There is a famous photo from the Vietnam era of a teenage girl holding a flower up to a phalanx of National Guardsmen with their bayonets drawn during the 1967 anti-war protest in Washington D.C. The photo came to define the cause for peace.
I think of that photo when I see the tireless marchers who go to Washington every year to march for life. They, too, are a few, protesting a system that promotes death.
I think of that photo and I’m reminded of St. Mother Teresa, who delivered her acceptance speech for the Nobel Peace Prize 40 years ago.
Watch the video. A diminutive sister who lived among the poor, the sick and the dying is surrounded by the world’s culturally elite. It’s obvious that her plea to end abortion made the assembled dignities very uncomfortable. She wasn’t a professional speaker but she was an impassioned one, inspired by the Holy Spirit. She, too, was protesting a war. She was protesting what St. John Paul II called the “war of the powerful against the weak” in his encyclical The Gospel of Life.
His vision was prophetic: “It is a problem which exists at the cultural, social and political level, where it reveals its more sinister and disturbing aspect in the tendency … to interpret crimes against life as legitimate expressions of individual freedom to be acknowledged and protected as actual rights.”
In a Commonweal interview, Pope Francis said: “In the world of finance, it has seemed normal to sacrifice [people], to practice a politics of the throwaway culture, from the beginning to the end of life. I’m thinking of prenatal selection. It’s very unusual these days to meet down syndrome people on the street because when the tomograph [scan] detects them, they are binned.”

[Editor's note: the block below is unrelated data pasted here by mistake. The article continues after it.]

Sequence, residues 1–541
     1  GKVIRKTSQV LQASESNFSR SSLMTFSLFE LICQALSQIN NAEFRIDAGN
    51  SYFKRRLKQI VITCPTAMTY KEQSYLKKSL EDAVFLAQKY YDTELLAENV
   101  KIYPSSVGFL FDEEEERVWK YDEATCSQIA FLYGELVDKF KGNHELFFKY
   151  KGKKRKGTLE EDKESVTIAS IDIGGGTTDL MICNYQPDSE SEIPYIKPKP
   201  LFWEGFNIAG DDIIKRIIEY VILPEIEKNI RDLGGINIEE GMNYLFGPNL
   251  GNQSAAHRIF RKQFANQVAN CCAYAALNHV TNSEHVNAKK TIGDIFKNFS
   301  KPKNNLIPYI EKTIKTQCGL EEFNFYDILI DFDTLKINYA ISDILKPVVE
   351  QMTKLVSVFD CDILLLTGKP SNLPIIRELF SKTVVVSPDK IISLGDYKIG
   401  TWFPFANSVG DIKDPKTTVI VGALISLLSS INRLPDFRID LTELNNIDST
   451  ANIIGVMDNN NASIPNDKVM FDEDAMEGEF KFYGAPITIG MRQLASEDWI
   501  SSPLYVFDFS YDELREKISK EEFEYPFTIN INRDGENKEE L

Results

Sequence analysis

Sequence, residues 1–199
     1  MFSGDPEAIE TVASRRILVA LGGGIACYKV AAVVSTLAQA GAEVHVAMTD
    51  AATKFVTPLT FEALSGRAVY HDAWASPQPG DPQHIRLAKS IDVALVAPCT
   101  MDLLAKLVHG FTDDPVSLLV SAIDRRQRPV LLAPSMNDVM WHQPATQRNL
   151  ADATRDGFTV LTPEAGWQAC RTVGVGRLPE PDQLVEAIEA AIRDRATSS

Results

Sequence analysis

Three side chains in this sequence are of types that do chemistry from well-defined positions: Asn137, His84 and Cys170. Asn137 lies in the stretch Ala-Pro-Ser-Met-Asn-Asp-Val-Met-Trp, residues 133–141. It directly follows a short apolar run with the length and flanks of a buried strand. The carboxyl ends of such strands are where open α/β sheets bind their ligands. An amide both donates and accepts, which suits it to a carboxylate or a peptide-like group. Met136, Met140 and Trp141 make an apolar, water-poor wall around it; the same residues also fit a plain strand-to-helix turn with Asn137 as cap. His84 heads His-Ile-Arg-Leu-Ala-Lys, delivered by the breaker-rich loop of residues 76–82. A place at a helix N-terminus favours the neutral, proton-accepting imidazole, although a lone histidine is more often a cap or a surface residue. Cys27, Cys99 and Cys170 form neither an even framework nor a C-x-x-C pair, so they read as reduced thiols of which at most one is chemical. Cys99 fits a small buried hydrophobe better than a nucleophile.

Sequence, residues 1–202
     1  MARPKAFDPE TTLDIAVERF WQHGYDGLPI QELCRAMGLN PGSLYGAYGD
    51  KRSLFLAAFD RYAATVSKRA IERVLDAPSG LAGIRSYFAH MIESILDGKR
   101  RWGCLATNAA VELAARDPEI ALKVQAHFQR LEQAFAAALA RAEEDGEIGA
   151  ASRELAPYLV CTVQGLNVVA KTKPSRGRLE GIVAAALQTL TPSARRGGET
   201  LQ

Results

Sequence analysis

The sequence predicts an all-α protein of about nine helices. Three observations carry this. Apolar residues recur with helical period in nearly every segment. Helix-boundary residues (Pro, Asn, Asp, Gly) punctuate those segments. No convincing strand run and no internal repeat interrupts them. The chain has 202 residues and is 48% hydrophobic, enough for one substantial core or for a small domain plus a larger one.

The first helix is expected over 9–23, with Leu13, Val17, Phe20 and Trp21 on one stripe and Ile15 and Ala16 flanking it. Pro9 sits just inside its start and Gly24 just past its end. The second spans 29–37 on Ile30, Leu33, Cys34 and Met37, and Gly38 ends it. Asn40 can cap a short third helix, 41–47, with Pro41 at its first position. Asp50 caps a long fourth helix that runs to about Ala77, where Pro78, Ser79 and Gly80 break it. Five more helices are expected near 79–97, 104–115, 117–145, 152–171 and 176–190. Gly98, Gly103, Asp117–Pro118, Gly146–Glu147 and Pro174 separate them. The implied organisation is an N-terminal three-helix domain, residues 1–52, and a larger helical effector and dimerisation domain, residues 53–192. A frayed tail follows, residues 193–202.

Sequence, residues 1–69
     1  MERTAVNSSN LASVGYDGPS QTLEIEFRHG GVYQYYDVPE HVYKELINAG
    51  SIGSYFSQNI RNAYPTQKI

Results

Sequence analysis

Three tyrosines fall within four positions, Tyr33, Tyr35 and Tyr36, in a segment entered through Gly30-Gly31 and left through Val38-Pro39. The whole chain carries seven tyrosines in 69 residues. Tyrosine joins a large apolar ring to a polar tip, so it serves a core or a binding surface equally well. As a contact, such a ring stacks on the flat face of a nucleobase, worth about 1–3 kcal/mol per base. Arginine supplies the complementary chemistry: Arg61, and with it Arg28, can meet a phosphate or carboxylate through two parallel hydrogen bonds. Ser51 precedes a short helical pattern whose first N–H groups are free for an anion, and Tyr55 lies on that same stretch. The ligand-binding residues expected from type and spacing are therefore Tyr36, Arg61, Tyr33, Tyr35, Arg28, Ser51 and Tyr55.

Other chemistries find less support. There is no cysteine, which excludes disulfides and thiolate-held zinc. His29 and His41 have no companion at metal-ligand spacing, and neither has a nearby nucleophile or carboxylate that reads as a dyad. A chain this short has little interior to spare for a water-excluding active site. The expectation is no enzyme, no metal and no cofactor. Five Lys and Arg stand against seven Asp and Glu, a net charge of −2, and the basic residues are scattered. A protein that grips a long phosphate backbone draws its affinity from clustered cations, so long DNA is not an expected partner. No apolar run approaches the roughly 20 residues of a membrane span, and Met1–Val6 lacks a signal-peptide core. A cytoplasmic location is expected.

In America, abortion is a multi-billion dollar business that takes the lives of more than 800,000 children every year. We subsidize it, we export it, and we permit it even up to birth.
But our political leaders are out of touch with the average person. A Marist Poll sponsored by the Knights of Columbus found “a strong majority of Americans wants to elect candidates who support substantial abortion restrictions and that most Americans still reject the Supreme Court’s reasoning in the 1973 Roe v. Wade case.”
According to the poll, “a notable proportion (41 percent) of those who identity as pro-choice are more likely to vote for candidates who support restrictions, as are more than nine in 10 who identify as pro-life (96 percent).”
In her acceptance speech, St. Mother Teresa said that many people are concerned about children in India and Africa who die of malnutrition, “yet millions are dying deliberately by abortion, and this is the greatest destroyer of peace today.” She said a culture that encourages abortion inevitably becomes a culture of violence.
“I feel that the greatest destroyer of peace today is abortion because it is a war against the child—a direct killing of the innocent child,” she said. “And if we accept that a mother can kill her own child, how can we tell other people not to kill one another? Any country that accepts abortion is not teaching people to love, but to use violence to get what they want.”
Her words have come true.
In a speech at the National Prayer Breakfast in Washington D.C. in 1994, she expressed hope that America would become an example for the rest of the world, a place where all life is sacred.
“If we remember that God loves us and that we can love others as He loves us, then America can become a sign of peace for the world,” she said. “From this country, a sign of care for the weakest of the weak—the unborn child—must go out to the world. If you become a burning light of justice and peace in the world, then really you will be true to what the founders of this country stood for.” That was her vision. Is it the vision of our political leaders?